Activated 16 October 2008 at Fort Douglas, Utah and is designated as the theater medical command to support SOUTHCOM: (807th Medical Command (Deployment Support))
Shoulder Sleeve Insignia (SSI)
- A shield 2 inches (5.1 cm) in width and 3 inches (7.6 cm) in height overall, arched at top and bottom, having at center a maroon cross with arms extending from border to border vertically and horizontally upon a white background; centered vertically upon the cross a sword with point in base, the blade white (surmounted at centerpoint of the shield by a white five-pointed star edged with maroon) and the hilt yellow with handguard extending the width of the upper arm of the cross, all within 1⁄8 inch (0.32 cm) maroon border.
- White and maroon are the colors used for the Army Medical Department. The cross and sword symbolize medical service in and for the military. The star alludes to Texas, the Brigade's state of residence at reorganization.
- The shoulder sleeve insignia was approved on 21 December 1976. The insignia was redesignated effective 17 September 2002, for the 807th Medical Command.
Distinctive Unit Insignia (DUI)
- A silver color metal and enamel device 1 1⁄8 inches (2.9 cm) in height overall, consisting of a maroon Greek cross bearing at its center a silver metal lion's face and red fleur-de-lis, jessant-de-lis, surmounting a disc with alternating red, white enamel and blue vertical bands, all beneath and between a maroon scroll, divided in three folds at the top and inscribed "DEDICATED TO HEALTH" in silver letters.
- Maroon and white are the colors used for the Army Medical Department. The cross, a symbol for aid and assistance, alludes to the basic mission of the organization. The lion's face refers to England and the fleur-de-lis to France, areas in which the organizations served with distinction during World War II. Red, white and blue are the National colors and refer to the states in which subordinate elements of the organization are located.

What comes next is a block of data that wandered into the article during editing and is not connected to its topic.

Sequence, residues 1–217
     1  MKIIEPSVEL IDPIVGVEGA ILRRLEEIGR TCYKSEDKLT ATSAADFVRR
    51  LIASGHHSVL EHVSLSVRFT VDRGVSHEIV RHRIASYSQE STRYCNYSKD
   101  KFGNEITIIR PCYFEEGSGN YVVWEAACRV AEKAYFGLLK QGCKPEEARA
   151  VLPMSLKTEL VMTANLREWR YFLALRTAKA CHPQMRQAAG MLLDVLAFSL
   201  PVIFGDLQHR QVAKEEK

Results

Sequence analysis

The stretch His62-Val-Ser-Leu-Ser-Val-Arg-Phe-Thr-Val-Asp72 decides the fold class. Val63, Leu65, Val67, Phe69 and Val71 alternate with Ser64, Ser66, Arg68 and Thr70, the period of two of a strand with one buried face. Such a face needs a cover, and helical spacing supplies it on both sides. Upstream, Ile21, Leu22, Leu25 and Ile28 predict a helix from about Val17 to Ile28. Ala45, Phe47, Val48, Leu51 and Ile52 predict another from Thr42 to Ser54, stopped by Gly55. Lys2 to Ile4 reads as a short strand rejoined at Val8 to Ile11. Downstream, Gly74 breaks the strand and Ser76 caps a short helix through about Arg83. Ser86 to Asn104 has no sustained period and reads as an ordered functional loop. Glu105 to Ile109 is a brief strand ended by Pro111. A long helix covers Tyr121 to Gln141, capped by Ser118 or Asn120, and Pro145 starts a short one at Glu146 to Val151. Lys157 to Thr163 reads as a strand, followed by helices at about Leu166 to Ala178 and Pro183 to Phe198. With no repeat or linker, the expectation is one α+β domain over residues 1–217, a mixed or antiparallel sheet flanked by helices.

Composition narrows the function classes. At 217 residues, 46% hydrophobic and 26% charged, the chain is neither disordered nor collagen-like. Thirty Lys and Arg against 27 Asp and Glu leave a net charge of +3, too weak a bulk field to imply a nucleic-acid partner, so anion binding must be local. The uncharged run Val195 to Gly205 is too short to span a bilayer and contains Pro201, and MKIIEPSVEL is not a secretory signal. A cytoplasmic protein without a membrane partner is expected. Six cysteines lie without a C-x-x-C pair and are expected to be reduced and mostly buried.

- The distinctive unit insignia was approved on 25 March 1977. The insignia was redesignated effective 17 September 2002, for the 807th Medical Command.
|Meritorious Unit Commendation (Army)||2010–2011||Detachment 1, Headquarters and Headquarters Company, 807th Medical Command for service in Iraq|
|Order||Position||Incumbent||Start of Service||End of Service||Notable Service|
|1st||Commander||Major General Lie-Ping Chang||Oct 2008||Mar 2012||Oversaw the "stand-up" of the 807th|
|2nd||Commander||Major General Craig A. Bugno||Mar 2012||present|||
- 807th Medical Command Home Page
- GlobalSecurity.org – 807th Medical Brigade
- Military.com – 807th Medical Brigade
- "807th Medical Command (Deployment Support)". US Army Reserve. Retrieved 19 April 2010.
- "807th Medical Command". Retrieved 15 April 2010.
- "Permanent Orders 080-06" (PDF). http://www.history.army.mil. US Army Human Resources Command. Retrieved 27 August 2012.
- A March to Remember (2 April 2012). "Resources - 807th Medical Command welcomes new commander (US Army Reserve)". Usar.army.mil. Retrieved 27 August 2012.